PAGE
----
Concerned parents, students and teachers from around the county filled the media center at Thursday evening's special work session regarding impending school budget cuts.
The size of the crowd both surprised and pleased the Clay Community School Board of Trustees.
"We want to thank everyone for coming. I really appreciate everyone taking the time to come tonight" Board Member Dottie King said, explaining that the board needed the support and input of the entire community. "I want to hear ideas from the community."
As Superintendent Wil-liam Schad clarified numbers regarding the administration's proposal for budget cuts presented at the meeting on Jan. 19, the audience bristled with apparent frustration.
"If all eight recommendations are implemented by the board, and we do not replace the positions vacated by this year's retirees, the savings from these budget cuts total $1,148,184.19," Schad said, explaining that the board has to find the money. "These are pretty weighty issues. The question becomes one for taxpayers to decide in a referendum. They need to decide whether they want a tax increase to support seven elementary schools."
After thanking the administration for the presentation, Board President Ted Jackson opened the floor for audience comment.
An educator for 37 years, Mary Harrison took the floor first to speak on behalf of Media Specialists.
"I am the program and educational portion in the library that you're eliminating," she said, passing out a summary to the board of the job skills that make Media Specialists, and other library workers throughout the school system, an important part of a student's education. "It saddens me to think that my grandson, who will be in first grade in a few years, will have less opportunities to learn in a library than his parents."
Lana Hendrix, spoke on behalf of the staff of Meridian Elementary.
"Closing one school will effect the education of students in all the schools. We ask the board to not close Meridian Elementary. We're making a difference in our students' educational lives," Hendrix said, explaining that the school, which has a large amount of disadvantaged students, had the lowest ISTEP scores in the county just a few years ago. But with a united team spirit, the staff has worked tirelessly to improve performance. The school now has 81.5 percent of its students pass the test. "Does it really make sense to close one of the best schools in the corporation?"
After home-schooling her five children for several years, Sheila Pennington has recently re-enrolled them in school at Meridian Elementary because of the strides it has made in student performance.
"I'm new to all this, and pretty naive, but I have a couple of questions. How can you guarantee class size?"
When Superintendent Schad finished explaining that students could be absorbed into classrooms without much difficulty, Pennington continued.
"And what about administration cuts? I didn't hear any mentioned," she asked. After the audience and board laughed together for a moment she continued. "I'll pay higher taxes to afford my kids an education if that is what it takes. And that is where it goes."
Scott Hamilton disagreed.
"Every time taxes raise, the spending continues. And we're in the same boat as before," Hamilton said, explaining that he didn't understand some administrative decisions. "How can you fire someone and then pay two people for one job because you have to buy out a contract? Did that person really warrant firing? I think those policies need to be looked at."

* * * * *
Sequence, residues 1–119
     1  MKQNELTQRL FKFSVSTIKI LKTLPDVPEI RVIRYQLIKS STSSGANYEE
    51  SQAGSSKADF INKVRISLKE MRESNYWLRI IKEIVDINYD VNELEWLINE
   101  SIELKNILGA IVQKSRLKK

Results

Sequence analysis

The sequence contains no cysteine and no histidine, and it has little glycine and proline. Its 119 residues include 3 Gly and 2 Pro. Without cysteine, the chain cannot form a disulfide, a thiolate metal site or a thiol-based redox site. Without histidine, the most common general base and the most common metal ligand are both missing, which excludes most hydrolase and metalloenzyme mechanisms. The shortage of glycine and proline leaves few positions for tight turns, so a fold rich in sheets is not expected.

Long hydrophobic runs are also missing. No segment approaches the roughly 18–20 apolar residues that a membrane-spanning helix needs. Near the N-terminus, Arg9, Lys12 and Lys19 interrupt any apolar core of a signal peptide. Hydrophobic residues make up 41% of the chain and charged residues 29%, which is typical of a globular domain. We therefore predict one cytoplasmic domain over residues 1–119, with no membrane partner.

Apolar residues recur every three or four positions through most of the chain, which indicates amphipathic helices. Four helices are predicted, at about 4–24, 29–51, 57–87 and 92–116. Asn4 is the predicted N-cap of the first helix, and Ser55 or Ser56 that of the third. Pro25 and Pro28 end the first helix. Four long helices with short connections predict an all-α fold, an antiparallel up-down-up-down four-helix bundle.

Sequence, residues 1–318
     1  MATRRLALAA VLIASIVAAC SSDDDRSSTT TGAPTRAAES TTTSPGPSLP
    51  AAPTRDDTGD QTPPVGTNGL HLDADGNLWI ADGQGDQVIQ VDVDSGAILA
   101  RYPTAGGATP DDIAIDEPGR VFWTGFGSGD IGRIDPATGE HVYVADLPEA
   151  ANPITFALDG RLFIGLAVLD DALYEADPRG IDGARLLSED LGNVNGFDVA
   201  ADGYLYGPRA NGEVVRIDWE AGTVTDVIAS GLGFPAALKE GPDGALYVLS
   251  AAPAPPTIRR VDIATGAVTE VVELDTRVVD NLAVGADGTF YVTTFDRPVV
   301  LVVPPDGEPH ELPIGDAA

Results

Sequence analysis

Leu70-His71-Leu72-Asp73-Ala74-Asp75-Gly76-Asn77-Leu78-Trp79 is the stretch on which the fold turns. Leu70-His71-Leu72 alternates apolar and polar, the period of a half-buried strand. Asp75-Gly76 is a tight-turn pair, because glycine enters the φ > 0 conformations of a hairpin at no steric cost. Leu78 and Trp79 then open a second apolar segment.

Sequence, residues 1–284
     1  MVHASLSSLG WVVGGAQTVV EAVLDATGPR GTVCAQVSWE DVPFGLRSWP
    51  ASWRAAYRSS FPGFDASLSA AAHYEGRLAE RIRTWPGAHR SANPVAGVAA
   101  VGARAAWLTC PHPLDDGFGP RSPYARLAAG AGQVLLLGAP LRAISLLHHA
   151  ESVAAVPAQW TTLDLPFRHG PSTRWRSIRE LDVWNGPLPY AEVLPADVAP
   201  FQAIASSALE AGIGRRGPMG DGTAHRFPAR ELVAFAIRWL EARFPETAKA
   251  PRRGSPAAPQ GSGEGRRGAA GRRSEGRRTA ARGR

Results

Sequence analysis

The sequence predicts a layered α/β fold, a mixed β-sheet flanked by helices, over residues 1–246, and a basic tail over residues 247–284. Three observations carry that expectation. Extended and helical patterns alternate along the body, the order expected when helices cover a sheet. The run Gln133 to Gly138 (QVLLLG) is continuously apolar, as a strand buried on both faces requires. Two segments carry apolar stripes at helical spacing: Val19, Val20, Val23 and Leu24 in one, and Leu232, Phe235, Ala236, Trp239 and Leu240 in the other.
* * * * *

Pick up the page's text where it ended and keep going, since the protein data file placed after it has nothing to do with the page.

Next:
Russ True, President of the Clay Community Classroom Teacher's Association, urged the audience and the community to contact their representatives, the state legislature and Governor Mitch Daniels. "The government can not cut educational funding without expecting local school boards to look at these types of budget cuts. The Governor and the legislature don't understand these problems until you tell them."
Dr. Forest Buell voiced concerns about the academic effects of closing a school on students, but also stated that this is an emergency situation that will require creative thinking to solve.
Concerned about the board cutting their coach as part of the ECA budget cuts, sophomore Chris Dean, senior Gatlin Ferro and junior Greg Stultz of the Northview wrestling team spoke unaimously for their teammates. "There wouldn't be a program if it wasn't for Coach Mike Whitesell," the boys said.
An unidentified parent stood up and commended the wrestlers, "Those boys are going to regionals this weekend, and they take time out of their schedules to work with younger kids because of Coach Whitesell's leadership. His character has traveled down through the youth to those boys."
The board unanimously agreed that making budget cuts is a difficult thing, but it has to be done.
"None of us want to make negative changes for students, but as adults we have a responsibility to make tough decisions," Jackson said, explaining that he would like to open discussions at the next meeting on more secondary level cuts. "The elementary schools have been cut enough," he said.
Strong advocates of small schools, Steven Grigsby, Jim Guy and Joe Thomas made their opinions clear.
"I'll never raise my hand to close an elementary school," Grigsby said as the other two men nodded in agreement. "It's not real smart to spend $700,000 to renovate a school and then talk about closing it."
But talking about budget cuts is going to continue.
"This has been coming for three years. When the state increased spending, we spent it. But its not there now," Board Member Terry Barr said. "The reality is here. I don't want to do this any more than the others. Anything we do is going to hurt, but we don't have a cash balance anymore."
The discussion of budget cuts will continue at the Thursday, Feb. 17 meeting in the North Clay Middle School Media Center at 7:30 p.m.
All board members were present.